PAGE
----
1

Votes

I have found 3 possible translations for this expression:

  1. to use a carrot-and-stick policy
  2. you win some, you lose some
  3. swings and roundabouts (Br.English meaning that things will balance out)

But what is the significance of the words 'cal' (lime) and 'arena' (sand), is it something to do with building a wall ?

  • Posted Feb 18, 2010
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2 Answers

2

Votes

Yes, it does. More specifically with the finish layer. "Una de cal" - smooth, and "una de arena" - rough.

  • Feb 18, 2010
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  • thanks , that does explain it ! - peterpierre2 Feb 18, 2010
2

Votes

I found the following explanation:

Una de cal y otra de arena viene de los componentes empleados para realizar una pintura sobre muro me­diante la técnica conocida como “fresco”; para que la pared esté preparada perfectamente hay que saber equilibrar los dos componentes a partes iguales.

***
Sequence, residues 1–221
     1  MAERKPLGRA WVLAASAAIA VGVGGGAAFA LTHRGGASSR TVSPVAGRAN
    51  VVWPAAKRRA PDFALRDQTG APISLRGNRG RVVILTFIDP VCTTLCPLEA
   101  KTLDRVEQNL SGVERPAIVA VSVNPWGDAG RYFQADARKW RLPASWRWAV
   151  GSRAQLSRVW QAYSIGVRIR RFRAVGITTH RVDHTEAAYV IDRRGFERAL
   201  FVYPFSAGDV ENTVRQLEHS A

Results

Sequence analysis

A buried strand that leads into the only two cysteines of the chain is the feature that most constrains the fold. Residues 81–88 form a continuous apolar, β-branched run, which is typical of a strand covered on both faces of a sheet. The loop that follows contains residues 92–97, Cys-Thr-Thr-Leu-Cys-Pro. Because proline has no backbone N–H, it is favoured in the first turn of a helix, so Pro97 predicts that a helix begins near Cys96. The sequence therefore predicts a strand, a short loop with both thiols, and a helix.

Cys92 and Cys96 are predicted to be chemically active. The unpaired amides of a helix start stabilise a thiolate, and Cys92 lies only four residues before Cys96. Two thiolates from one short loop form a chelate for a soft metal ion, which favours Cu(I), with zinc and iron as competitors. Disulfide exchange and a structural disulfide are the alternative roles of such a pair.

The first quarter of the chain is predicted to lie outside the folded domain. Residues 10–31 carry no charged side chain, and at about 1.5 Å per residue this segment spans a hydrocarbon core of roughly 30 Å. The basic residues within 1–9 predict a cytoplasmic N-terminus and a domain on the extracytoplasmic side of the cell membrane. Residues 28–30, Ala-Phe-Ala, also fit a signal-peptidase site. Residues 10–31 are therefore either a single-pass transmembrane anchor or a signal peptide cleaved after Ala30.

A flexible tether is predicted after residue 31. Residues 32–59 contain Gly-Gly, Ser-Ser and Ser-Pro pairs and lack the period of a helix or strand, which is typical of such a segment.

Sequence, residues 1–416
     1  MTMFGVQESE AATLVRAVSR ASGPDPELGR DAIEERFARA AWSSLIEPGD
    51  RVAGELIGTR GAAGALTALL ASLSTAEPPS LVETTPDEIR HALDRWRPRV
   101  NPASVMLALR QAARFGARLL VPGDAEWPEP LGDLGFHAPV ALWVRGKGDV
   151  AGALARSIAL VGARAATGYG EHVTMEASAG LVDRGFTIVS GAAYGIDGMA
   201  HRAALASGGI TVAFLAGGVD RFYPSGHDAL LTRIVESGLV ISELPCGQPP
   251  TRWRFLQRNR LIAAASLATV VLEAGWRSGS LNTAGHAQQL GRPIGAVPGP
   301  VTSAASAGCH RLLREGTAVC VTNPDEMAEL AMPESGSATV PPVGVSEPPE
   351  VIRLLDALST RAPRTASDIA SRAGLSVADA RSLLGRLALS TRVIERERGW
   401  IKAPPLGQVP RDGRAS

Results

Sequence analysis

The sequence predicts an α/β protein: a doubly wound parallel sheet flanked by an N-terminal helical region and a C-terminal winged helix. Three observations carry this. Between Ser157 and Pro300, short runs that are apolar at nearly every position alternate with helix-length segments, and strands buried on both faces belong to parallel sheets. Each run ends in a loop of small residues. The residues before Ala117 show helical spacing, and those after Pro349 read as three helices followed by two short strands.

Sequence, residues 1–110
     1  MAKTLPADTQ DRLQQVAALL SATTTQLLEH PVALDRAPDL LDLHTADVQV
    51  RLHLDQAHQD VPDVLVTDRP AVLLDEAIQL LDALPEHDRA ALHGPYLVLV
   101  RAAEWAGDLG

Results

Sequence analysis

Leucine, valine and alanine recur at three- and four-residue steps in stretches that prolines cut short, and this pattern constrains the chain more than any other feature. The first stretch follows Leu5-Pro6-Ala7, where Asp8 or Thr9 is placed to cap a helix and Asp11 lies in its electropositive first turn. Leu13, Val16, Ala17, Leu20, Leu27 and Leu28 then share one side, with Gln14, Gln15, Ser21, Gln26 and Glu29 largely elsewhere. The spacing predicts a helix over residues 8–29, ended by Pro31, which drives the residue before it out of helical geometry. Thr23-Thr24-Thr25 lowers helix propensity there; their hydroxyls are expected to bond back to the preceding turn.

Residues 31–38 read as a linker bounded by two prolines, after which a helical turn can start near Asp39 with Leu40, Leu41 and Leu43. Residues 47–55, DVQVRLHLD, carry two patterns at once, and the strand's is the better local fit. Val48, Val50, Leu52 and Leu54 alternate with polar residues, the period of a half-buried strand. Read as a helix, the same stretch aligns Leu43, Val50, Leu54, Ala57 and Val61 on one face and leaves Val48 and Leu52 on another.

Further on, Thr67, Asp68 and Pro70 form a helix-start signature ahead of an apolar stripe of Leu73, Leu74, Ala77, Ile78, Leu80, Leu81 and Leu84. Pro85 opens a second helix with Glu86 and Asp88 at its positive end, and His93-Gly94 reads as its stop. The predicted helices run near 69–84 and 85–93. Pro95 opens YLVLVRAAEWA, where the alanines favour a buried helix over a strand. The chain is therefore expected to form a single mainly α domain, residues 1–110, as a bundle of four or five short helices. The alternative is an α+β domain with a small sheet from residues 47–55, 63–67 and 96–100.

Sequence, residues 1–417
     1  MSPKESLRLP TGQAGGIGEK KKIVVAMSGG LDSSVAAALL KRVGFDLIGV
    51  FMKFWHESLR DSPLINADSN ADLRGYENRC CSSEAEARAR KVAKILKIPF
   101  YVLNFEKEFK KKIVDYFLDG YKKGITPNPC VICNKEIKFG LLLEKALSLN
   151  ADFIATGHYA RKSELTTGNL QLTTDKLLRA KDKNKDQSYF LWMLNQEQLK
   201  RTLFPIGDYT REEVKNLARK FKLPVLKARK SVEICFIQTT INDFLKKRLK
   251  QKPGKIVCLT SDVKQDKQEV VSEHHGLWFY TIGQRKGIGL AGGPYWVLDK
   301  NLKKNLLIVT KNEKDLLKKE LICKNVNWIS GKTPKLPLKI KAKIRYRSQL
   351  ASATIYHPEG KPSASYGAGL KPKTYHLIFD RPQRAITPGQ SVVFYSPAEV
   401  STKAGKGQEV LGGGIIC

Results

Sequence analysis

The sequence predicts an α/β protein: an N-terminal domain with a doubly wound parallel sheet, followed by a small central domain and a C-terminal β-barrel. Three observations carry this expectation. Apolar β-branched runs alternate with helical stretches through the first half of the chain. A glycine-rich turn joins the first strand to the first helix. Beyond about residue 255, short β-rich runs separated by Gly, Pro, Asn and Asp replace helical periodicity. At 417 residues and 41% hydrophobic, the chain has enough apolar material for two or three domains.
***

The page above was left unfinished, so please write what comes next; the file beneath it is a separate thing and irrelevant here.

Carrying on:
No es que una sea mejor que la otra, sino que una persona hábil sabe mezclar dos componentes diferentes (por textura y calidades)…de ahí la expresión “dar una de cal y otra de arena”

One of lime and another of sand and comes from components used to make a painting on the wall using the technique known as "fresh". For the wall to be fully prepared you need to know how to balance the two components equally.

It doesn't mean that one is better than the other, but a clever person knows how to mix two different components (for texture and quality) ... hence the expression "give one of lime and another of sand"...

  • Feb 18, 2010
  • | Edited by Eddy Feb 18, 2010
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  • English needs some corrections... - Carlos-F Feb 18, 2010
  • thanks - peterpierre2 Feb 18, 2010
  • Hi Carlos. Just made a few alterations which Is what I think you wanted to say. - Eddy Feb 18, 2010
  • Thanks Eddy... - Carlos-F Feb 18, 2010